“Inviting” and “appealing” aren’t exactly words typically associated with public restrooms. In an effort to change that perception, a Japanese architecture firm has created brightly colored, transparent restrooms for two of Tokyo’s busiest parks, turning commodes into full-fledged works of art.
Designed by Pritzker Prize-winning company Shigeru Ban Architects, the two sets of glass-walled restrooms are part of the Tokyo Toilet Project, an initiative launched by the Nippon Foundation to increase public restroom use by dispelling stereotypes that they are “dark, dirty, smelly, and scary.” The new see-through lavatories, which become opaque when locked, were designed to address these specific issues. “There are two things we worry about when entering a public restroom, especially those located at a park. This first is cleanliness, and the second is whether anyone is inside,” the architects explain on the project website.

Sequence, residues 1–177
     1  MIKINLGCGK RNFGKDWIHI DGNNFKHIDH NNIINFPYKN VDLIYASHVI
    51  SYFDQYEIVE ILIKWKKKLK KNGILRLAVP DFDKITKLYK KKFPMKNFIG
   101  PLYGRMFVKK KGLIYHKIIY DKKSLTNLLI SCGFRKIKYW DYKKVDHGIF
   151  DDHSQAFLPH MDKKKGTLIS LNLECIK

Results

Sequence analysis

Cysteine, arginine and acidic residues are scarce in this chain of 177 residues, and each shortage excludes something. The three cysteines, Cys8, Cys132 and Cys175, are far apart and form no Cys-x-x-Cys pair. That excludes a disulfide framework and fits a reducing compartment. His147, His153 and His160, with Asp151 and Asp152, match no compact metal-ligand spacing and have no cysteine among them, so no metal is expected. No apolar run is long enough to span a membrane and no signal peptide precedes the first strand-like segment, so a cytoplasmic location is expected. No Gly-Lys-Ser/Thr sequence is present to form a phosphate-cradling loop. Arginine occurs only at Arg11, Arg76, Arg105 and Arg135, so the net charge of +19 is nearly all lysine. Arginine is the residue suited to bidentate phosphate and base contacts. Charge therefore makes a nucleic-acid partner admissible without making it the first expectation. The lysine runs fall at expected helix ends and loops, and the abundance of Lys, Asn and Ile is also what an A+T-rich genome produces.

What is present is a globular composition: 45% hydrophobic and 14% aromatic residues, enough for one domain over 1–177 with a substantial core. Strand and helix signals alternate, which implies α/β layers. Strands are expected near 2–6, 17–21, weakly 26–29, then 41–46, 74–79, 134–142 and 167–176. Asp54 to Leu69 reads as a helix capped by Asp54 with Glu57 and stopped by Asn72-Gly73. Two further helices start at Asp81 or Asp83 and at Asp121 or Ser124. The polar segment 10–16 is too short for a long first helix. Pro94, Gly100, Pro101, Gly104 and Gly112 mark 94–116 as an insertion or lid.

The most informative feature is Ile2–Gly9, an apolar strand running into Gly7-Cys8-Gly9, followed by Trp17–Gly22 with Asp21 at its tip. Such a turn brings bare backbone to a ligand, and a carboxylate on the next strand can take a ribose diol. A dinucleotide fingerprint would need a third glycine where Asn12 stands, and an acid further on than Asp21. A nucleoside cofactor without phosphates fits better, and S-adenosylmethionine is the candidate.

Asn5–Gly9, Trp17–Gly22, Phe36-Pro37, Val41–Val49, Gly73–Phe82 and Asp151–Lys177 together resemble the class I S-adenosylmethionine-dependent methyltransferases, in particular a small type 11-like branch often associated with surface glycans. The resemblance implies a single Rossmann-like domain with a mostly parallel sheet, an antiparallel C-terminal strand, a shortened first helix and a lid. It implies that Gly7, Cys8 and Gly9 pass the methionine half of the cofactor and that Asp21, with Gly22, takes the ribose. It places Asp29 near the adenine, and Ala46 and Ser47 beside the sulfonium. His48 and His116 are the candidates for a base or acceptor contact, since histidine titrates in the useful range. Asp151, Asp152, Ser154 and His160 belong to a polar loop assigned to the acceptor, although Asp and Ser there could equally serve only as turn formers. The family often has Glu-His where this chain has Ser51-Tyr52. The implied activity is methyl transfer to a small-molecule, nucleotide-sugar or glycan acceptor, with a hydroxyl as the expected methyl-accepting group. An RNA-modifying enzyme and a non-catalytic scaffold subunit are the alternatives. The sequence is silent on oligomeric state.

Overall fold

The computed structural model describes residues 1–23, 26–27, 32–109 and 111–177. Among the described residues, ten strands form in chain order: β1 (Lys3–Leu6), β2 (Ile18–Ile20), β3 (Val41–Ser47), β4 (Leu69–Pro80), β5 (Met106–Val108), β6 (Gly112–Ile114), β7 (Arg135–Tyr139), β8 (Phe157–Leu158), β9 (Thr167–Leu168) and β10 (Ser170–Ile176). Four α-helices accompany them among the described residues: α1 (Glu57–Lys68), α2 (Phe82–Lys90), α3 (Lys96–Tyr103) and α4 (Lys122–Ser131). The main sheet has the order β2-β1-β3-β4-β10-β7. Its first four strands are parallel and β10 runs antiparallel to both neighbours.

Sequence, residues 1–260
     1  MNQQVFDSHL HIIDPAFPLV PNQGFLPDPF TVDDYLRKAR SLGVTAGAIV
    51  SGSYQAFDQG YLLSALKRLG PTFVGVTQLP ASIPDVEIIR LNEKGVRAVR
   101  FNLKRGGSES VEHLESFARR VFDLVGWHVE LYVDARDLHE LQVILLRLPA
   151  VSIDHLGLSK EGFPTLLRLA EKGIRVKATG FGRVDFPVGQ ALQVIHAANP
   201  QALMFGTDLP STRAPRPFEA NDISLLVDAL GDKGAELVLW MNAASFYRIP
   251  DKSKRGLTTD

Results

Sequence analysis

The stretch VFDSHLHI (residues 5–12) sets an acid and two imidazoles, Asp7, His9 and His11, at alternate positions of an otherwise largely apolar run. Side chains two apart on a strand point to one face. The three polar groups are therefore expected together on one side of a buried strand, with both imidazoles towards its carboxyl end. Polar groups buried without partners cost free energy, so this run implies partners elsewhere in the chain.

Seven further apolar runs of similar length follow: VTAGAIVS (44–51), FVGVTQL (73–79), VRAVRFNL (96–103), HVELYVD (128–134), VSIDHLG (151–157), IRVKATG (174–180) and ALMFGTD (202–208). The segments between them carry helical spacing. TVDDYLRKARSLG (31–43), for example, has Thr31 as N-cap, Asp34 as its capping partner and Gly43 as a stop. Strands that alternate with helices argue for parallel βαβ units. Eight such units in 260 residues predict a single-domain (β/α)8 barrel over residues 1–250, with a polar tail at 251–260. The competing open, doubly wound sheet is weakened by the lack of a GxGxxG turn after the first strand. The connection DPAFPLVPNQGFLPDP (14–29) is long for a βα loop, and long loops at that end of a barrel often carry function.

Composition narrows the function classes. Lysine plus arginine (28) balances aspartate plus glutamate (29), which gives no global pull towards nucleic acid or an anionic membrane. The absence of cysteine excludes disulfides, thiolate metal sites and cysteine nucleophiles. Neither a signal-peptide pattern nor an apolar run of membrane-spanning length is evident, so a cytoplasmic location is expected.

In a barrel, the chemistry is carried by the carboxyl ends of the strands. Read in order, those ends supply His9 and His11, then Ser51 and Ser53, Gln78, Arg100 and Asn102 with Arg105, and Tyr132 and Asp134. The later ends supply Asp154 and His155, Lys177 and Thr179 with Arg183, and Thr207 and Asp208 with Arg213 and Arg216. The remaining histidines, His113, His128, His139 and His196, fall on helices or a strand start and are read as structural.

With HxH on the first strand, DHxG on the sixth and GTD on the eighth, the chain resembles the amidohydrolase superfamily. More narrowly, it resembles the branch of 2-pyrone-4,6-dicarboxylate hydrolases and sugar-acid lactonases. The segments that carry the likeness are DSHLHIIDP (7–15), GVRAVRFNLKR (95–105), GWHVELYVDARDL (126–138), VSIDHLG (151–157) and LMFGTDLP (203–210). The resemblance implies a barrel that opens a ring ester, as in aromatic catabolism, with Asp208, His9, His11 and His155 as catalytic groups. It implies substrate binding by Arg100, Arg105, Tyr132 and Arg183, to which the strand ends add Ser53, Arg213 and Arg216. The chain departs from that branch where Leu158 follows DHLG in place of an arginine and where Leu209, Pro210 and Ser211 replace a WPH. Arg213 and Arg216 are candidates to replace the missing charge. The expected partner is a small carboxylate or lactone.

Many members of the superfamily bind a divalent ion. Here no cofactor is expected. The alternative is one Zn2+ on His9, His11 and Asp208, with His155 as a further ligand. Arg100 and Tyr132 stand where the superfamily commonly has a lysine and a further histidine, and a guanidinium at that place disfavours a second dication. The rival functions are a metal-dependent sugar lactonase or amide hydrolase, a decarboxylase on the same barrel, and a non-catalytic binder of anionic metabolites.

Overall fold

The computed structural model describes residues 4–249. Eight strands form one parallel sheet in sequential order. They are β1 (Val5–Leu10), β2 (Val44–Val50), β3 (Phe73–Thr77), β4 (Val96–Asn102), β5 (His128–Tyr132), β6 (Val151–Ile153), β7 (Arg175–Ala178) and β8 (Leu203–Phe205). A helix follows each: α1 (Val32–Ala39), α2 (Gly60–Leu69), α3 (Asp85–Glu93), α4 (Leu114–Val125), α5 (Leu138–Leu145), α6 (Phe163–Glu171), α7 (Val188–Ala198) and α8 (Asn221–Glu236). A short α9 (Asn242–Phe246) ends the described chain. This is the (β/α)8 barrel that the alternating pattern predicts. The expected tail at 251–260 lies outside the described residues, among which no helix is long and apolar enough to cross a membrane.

The transparent walls allow passers-by to judge the tidiness of the toilets without even entering. They also make it obvious if the facilities are in use or not. When a bathroom stall is locked, crystals in the tinted glass are realigned by an electric current, restricting most of the light from passing through. This creates a frosted look, giving the occupants sufficient privacy. As soon as the door is unlocked, the walls become transparent again.
“When Japan succeeded to host the Olympic and Paralympic 2020, the word ‘omotenashi’ (a Japanese word that means to wholeheartedly look after guests) was repeatedly presented as the symbol of Japanese hospitailty,” said Mihoko Ueki, project coordinator for the Nippon Foundation’s social innovation team, in a recent interview.
“However, if you take a look at the public toilets, most of them are not accessible for everyone regardless of gender, age, or disability. Considering that, we thought that we [could not truly] show the guests from overseas ‘omotenashi’ as the symbol of Japanese hospitality.”
According to a government survey, up until 2016, 40 percent of Japan’s public restrooms only had squat stalls, requiring trucks to suck out waste and dispose of it elsewhere. Since then, 332 public facilities have been refurbished with more modern, hygienic toilets.